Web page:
TARPON SPRINGS - One hundred years ago, the Tarpon Springs Public Library opened up in a little room on the second floor of old City Hall, in the building that now serves as the Cultural Center on South Pinellas Avenue.
Since then, the library has moved locations five times and expanded in size and services exponentially to meet new demands in a digital age. At its core, however, the library remains the same community-supported center of culture, art and education that it always has been.
TARPON SPRINGS - The curtains behind the dais opened at the start of the Tarpon Springs commission meeting May 17 to reveal a stage full of students, eager to receive their certificate for earning a perfect 4.0 GPA in the 2015-16 school year.
The ceremony is a tradition for the city. Parents crowded to the auditorium to watch their children receive the certificate from Mayor Chris Alahouzos and congratulations from the rest of the commission.
Honored for serving as mayor of Enterprise Village, a Pinellas Education Foundation six-week project for fifth graders, were Ethan Abercrombie of Sunset Hills Elementary, Jorden Schutte of Tarpon Springs Elementary and Andrew Larsen of Tarpon Springs Fundamental.
TARPON SPRINGS - The city of Tarpon Springs has begun the process of lobbying for federal funding needed to dredge the Anclote River - maintenance that will keep the waterfront a working port.
The project falls under the responsibility of the U.S. Army Corps of Engineers and is eligible for federal funding; it will cost an estimated $4.3 million to restore the channel, explained Bob Robertson, the city's manager for the project during an update to the commission May 3. However, it falls to the city to formally request the maintenance dredging and secure land to dump the dredging spoils at an estimated cost of $750,000 to $1 million.
TARPON SPRINGS - In an effort to address a number of concerns raised by business owners, Tarpon Springs commissioners delayed an update to an ordinance banning solicitation along the Sponge Docks May 3.
The ordinance in question was first established in 2006, “in response to significant problems to solicitation,” said City Attorney Jay Daigneault
“That kind of conduct was putting off tourists, it was causing traffic hazards, pedestrians were being pushed off into sidewalks. There were some significant public safety concerns,” Daigneault said.
TARPON SPRINGS - The sidewalk along Hibiscus Street in downtown Tarpon Springs has been expanded - the latest in three years’ worth of improvements to the side street off Tarpon Avenue.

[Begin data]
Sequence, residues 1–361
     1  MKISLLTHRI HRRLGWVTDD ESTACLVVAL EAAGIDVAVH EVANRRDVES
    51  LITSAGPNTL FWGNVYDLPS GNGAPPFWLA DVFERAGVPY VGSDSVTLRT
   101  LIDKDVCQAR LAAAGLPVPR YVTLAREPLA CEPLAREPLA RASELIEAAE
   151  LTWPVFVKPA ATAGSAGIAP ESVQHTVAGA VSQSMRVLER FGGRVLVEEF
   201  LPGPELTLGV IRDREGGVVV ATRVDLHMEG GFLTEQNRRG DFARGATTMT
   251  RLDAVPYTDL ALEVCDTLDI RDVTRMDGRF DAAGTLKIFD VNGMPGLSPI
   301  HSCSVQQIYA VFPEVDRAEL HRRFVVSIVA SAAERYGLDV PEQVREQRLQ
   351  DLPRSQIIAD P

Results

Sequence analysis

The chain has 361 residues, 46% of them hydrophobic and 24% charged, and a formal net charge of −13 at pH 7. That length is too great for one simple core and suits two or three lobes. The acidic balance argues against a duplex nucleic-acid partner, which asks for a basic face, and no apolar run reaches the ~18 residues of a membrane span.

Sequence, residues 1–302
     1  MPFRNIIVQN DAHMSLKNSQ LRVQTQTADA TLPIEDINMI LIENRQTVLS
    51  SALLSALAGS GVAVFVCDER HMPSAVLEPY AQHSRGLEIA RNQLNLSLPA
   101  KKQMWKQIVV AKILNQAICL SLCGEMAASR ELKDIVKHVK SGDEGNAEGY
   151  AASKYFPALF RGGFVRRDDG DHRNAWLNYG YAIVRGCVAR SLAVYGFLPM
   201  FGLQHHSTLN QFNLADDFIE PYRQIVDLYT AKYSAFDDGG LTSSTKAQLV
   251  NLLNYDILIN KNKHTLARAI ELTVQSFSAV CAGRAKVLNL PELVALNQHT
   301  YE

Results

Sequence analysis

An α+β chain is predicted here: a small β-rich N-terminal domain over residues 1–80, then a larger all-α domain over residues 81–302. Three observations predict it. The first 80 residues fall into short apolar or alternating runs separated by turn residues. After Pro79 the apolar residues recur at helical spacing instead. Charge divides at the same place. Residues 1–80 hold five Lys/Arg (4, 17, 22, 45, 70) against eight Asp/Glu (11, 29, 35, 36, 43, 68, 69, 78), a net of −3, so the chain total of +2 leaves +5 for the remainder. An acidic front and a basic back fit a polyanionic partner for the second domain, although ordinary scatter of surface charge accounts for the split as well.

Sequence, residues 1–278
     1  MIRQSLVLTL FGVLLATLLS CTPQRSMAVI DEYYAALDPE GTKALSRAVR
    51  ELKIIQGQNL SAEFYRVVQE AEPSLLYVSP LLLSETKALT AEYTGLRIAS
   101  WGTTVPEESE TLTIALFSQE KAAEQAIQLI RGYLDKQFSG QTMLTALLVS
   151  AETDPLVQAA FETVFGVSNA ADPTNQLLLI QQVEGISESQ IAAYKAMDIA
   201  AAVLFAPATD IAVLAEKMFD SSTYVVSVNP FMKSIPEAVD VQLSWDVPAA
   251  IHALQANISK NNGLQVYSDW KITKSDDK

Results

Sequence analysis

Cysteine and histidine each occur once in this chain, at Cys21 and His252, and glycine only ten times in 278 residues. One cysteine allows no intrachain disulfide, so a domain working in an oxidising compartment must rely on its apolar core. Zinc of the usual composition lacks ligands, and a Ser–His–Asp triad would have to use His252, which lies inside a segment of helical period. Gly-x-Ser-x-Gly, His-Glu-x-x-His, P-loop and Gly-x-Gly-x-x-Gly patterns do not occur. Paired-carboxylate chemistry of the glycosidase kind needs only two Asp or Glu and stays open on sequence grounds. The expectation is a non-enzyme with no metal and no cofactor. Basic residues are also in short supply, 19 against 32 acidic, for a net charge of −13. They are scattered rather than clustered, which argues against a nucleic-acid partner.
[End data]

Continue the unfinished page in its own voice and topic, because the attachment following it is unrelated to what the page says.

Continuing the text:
Business owners along Hibiscus Street - particularly Carol Etheridge-Rodriguez of Timeless Treasures and Sherry Wendt of Gallery of Fun Finds - have been working with the city for about a year to expand the sidewalk. The objective is to give the stores outside seating and tables to display their wares.
TARPON SPRINGS - The city of Tarpon Springs will begin renovating the outside of City Hall at a cost of $2.2 million, a project the city commission approved April 19.
“We’ve probably been putting money away and talking about this for at least five years,” City Manager Mark LeCouris said.
At one point, there was talk about building a new city hall, at a cost of $6 million to $8 million. But the city would still have to maintain the historic school building that houses the city’s Performing Arts Center, LeCouris explained.
TARPON SPRINGS - The Shepherd Center of Tarpon Springs has purchased the 33,000-square-foot building at 304 S. Pinellas Ave.
The purchase, made possible through the nonprofit’s capital campaign, gives the Shepherd Center a permanent home in Tarpon Springs. The purchase was finalized Feb. 25, 2016, according to Pinellas County property records.
TARPON SPRINGS - The city of Tarpon Springs is in the process of developing a Tarpon Springs Contractor and Construction Business Directory, which will be added to all city of Tarpon Springs construction solicitations.
The directory is intended to provide local business resources to those prime contractors submitting bids on city projects. The city believes the use of local contractors and suppliers on city projects is the best way for dollars spent on these construction projects to be put back into the community.
Local businesses that wish to be included in the Contractor and Construction Business Directory should contact Chief Procurement Officer Jay Jackus at 727-943-4871 or firstname.lastname@example.org